Gwen Bristow: Best Selling Author 1903-1980

Gwen Bristow, though not originally from New Orleans, was a great contributor to both Southern literature and the Times-Picayune newspaper. She helped mold the face of Southern writing into what it is today, influencing entire generations of New Orleanian-based writers.

Bristow was born in 1903 in South Carolina, where she spent her childhood. [1] After graduating from Judson College, located in Marion, Alabama, in 1924 with a degree in both English and French, she continued on to study at the Pulitzer School of Journalism at Colombia University in New York. [2] It is hardly surprising then, that Bristow went on to become a successful historical novelist with her fiction firmly rooted in the South, as it was as much a part of her life as writing was.

During her year at Columbia, she worked as a secretary, earning money by typing papers for others and writing for trade journals. [2] After graduation, she moved to New Orleans and began writing for the New Orleans Times-Picayune, and eventually met her husband, Bruce Manning, who was a journalist for the Item. [2] Together, they wrote and published their first book, The Invisible Host.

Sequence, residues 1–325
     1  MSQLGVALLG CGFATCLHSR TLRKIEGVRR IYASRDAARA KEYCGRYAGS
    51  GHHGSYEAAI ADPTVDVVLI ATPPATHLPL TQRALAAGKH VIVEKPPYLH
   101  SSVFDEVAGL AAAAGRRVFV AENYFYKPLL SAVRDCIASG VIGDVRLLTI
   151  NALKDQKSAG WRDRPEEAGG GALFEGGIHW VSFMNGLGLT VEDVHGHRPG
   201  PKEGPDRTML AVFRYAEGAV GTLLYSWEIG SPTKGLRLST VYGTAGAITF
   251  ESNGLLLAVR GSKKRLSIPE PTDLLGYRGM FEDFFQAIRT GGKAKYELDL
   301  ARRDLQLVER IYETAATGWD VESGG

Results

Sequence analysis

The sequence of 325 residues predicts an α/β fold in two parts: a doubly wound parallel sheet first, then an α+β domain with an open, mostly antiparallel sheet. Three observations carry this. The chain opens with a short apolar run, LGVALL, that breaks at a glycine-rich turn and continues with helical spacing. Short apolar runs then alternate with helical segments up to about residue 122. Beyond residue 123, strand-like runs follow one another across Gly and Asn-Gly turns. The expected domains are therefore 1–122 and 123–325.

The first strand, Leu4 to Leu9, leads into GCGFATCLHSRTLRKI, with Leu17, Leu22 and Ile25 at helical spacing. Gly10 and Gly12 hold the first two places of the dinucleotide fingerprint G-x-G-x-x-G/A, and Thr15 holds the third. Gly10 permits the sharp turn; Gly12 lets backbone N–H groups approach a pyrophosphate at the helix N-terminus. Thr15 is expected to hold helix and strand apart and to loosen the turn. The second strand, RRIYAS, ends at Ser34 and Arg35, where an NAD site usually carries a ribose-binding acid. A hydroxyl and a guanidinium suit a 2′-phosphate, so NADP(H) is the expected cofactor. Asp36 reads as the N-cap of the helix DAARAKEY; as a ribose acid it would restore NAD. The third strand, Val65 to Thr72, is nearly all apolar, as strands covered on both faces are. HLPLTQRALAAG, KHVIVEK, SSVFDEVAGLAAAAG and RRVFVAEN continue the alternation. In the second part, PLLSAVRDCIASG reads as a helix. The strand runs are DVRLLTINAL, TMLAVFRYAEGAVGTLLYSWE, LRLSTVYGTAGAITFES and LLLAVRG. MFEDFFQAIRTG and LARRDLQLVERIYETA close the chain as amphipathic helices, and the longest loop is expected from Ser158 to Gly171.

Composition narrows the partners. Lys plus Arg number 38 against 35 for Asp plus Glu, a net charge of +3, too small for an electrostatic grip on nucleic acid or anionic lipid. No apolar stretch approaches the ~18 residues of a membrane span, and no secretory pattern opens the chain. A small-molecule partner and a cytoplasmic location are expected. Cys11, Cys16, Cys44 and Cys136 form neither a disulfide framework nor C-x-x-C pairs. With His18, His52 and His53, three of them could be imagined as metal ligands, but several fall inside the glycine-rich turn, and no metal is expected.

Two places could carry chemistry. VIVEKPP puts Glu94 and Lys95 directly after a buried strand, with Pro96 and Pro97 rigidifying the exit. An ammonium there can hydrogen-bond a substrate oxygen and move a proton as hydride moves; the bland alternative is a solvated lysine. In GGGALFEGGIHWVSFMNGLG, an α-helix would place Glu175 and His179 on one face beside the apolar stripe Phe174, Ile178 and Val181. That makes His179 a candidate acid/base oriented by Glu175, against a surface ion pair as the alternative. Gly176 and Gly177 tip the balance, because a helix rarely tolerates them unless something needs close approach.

Bristow moved to Connecticut briefly and worked on her fourth novel, which she had trouble selling, before moving to Hollywood, where she began a trilogy in 1930 set in Louisiana that followed, "...the lives of two families from pre-Revolutionary days to World War I: Deep Summer, Handsome Road, and This Side of Glory." [2] All three did very well and she continued on with a string of best-sellers.

Bristow moved back to New Orleans, where she died in 1980 at the age of 76. [1] In 1989, she was inducted into the Alabama Women's Hall of Fame because although she, "...was neither born in Alabama nor died there, she had very close Alabama connections," where she completed her undergraduate degrees. [2] Much in the same way, while she was not born in New Orleans, she did have close ties to the city, and she had as much of an impact on the city as the city seemed to have on her.



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